6. Does the author ratchet up the suspense? Did you find yourself anxious—quickly turning pages to learn what happened? A what point does the suspense start to build? Where does it climax...then perhaps start rising again?
7. A good ending is essential in any mystery or crime thriller: it should ease up on tension, answer questions, and tidy up loose ends. Does the ending accomplish those goals?
a. Is the conclusion probable or believable?
b. Is it organic, growing out of clues previously laid out by the author (see Question 3)?
c. Or does the ending come out of the blue, feeling forced or tacked-on?
d. Perhaps it's too predictable.
e. Can you envision a different or better ending?
8. Point to passages in the book—ideas, descriptions, or dialogue—that you found interesting or revealing, that somehow struck you. What, if anything, made you stop and think? Or maybe even laugh.
9. Overall, does the book satisfy? Does it live up to the standards of a good crime story or suspense thriller? Or does it somehow fall short?
10. Compare this book to other mystery, crime, or suspense thrillers that you've read. Consider other authors or other books in a the series by the same author.
(Questions by LitLovers. Please feel free to use them, online or off, with attribution. Thanks.)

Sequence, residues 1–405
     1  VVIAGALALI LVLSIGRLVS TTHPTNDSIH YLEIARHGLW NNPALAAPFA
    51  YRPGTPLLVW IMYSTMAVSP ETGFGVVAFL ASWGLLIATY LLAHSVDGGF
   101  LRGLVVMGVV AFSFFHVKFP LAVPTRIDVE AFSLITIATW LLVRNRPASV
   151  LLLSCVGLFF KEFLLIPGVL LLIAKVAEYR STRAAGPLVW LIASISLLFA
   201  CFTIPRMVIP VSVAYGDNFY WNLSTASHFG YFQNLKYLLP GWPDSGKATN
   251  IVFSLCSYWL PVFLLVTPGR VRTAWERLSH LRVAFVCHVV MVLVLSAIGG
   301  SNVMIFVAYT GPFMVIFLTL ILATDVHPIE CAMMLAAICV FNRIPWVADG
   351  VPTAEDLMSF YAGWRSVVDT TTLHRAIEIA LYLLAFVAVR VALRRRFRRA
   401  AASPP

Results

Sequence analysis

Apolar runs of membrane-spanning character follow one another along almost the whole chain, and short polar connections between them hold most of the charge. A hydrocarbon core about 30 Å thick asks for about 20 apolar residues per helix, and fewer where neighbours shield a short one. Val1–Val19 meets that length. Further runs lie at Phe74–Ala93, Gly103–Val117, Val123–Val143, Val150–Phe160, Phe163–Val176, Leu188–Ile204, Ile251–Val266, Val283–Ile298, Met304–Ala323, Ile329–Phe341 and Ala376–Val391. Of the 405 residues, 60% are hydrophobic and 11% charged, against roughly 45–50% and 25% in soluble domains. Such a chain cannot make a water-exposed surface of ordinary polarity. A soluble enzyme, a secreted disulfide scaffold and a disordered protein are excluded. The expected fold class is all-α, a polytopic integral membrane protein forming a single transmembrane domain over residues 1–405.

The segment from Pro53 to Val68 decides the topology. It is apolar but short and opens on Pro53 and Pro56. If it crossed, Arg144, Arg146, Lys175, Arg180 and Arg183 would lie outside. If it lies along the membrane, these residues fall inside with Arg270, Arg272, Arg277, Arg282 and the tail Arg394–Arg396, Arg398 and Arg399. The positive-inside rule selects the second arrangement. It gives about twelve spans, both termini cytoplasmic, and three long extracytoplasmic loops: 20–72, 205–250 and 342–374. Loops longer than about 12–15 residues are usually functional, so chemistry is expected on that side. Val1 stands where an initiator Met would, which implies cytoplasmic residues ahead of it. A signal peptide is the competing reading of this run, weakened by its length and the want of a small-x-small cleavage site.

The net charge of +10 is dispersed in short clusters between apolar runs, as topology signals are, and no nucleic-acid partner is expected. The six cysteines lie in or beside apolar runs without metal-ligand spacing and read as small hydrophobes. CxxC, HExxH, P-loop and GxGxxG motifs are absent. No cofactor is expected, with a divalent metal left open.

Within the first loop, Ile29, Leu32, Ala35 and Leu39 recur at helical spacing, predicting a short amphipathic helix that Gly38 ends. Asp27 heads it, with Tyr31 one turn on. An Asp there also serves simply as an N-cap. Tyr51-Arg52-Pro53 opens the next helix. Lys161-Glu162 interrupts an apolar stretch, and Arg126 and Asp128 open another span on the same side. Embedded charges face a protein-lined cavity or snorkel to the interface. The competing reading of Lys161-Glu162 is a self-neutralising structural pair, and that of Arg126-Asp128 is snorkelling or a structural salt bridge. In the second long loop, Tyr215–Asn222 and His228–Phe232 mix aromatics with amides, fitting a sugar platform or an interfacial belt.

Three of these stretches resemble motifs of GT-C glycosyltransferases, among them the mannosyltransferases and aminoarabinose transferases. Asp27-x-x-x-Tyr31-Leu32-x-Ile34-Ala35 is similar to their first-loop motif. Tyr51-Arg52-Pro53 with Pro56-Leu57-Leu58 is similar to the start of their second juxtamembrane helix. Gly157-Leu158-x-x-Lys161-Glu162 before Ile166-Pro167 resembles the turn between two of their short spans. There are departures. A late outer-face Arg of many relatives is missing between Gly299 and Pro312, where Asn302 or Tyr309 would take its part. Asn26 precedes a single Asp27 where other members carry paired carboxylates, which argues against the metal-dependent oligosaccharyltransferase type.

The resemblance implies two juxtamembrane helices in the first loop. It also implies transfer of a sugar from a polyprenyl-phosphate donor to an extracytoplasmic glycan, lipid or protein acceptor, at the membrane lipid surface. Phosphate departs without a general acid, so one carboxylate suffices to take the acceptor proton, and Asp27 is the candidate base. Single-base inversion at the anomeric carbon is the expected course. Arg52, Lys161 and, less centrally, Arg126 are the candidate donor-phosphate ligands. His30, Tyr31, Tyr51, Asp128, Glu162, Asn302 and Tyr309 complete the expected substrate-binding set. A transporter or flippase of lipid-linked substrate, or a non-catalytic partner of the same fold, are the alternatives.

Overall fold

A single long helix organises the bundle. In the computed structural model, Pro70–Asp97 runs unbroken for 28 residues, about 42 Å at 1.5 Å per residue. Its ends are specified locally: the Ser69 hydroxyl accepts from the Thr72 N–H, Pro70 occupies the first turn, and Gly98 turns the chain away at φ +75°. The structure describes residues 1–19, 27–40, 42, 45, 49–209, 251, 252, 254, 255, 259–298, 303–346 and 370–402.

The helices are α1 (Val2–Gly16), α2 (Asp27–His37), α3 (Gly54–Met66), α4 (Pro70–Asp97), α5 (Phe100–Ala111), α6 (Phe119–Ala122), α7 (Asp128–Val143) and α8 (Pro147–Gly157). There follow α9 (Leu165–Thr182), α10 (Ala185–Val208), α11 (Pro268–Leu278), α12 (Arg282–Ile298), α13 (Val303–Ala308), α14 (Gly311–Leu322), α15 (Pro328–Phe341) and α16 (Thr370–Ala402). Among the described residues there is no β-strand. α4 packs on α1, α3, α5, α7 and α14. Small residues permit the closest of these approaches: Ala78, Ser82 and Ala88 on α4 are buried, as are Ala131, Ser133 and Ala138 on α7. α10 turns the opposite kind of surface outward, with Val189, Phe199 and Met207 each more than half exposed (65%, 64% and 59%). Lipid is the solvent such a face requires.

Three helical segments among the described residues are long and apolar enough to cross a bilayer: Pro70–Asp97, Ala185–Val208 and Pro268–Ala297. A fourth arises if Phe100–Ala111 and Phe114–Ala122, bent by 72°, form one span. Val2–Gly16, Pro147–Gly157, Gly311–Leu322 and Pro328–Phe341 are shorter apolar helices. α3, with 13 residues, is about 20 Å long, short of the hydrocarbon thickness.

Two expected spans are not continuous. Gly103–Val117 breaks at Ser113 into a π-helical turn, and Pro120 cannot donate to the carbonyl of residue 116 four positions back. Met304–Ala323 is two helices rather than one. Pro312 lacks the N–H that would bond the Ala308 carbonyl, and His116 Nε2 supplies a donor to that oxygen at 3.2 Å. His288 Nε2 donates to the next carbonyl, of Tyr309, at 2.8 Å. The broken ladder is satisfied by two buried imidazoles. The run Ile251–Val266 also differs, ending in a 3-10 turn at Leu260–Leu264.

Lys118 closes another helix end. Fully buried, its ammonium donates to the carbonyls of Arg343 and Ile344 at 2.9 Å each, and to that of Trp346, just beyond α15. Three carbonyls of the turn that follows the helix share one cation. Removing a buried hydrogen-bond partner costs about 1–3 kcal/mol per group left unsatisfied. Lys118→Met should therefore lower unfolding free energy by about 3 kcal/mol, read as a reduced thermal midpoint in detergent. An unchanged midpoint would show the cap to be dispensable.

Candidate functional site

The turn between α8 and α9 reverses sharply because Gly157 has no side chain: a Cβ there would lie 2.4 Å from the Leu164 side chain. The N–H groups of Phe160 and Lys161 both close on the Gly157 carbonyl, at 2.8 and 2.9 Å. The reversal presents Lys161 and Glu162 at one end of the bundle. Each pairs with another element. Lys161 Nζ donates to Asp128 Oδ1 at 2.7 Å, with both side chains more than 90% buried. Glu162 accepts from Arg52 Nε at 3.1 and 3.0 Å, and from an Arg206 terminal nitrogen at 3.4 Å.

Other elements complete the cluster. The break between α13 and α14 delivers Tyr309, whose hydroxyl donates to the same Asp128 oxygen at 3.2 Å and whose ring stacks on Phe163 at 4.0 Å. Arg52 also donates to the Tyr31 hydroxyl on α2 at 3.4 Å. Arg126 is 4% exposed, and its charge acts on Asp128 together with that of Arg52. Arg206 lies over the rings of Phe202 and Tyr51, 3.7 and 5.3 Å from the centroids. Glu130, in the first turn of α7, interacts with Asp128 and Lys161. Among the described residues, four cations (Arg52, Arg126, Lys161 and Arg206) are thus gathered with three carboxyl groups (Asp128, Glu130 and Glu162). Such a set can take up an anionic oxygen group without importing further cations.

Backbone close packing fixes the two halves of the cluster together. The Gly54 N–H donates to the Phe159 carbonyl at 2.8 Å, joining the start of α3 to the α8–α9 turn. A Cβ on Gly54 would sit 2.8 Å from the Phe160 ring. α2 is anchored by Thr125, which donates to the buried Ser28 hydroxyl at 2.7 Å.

Tuesday, 17 November 2015 10:03
We love books, and we love movies. And we REALLY love movies that come from books.
Book clubs say, over and over, that a favorite club activity is attending movies based on books—especially if the book is a club selection.
That's why LitLovers has decided to partner with Screen Thoughts.
SCREEN THOUGHTS takes the book-to-movie connection a step beyond. They read the book . . . see the movie . . . then create a 20-minute podcast about their impressions.
Hollister and O'Toole, the voices behind the mic, are smart, knowledgeable, and engaging. They review the films and ask the questions we care about:
♦ Is the film true to the book?
♦ Are the actors right for the book's characters?
♦ Do you prefer the book to film . . . or film to book?
Click HERE for Screen Thoughts podcasts—or go the top of the LitLovers homepage. Listen on your own . . . or listen as a group in your book club—they're sure to spark discussion. Who's right—Hollister or O'Toole? Both? Neither?